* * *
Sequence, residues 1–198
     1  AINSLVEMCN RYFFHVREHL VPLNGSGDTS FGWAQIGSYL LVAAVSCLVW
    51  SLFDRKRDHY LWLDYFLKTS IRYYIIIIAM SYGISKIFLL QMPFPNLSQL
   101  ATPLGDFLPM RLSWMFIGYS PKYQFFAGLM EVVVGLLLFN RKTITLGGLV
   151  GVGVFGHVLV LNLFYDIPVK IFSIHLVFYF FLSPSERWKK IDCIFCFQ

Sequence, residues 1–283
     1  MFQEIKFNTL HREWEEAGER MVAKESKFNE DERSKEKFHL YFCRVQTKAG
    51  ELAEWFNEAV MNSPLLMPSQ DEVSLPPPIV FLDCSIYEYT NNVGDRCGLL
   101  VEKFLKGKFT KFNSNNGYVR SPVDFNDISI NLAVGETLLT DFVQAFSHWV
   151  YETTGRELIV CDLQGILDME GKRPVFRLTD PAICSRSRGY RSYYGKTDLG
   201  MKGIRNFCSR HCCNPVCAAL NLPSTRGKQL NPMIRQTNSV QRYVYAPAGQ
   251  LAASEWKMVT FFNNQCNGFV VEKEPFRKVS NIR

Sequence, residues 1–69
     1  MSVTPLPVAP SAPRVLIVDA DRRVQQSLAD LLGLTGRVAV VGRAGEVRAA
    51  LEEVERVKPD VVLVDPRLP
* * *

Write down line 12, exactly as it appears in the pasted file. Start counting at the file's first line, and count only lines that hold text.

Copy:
   251  LAASEWKMVT FFNNQCNGFV VEKEPFRKVS NIR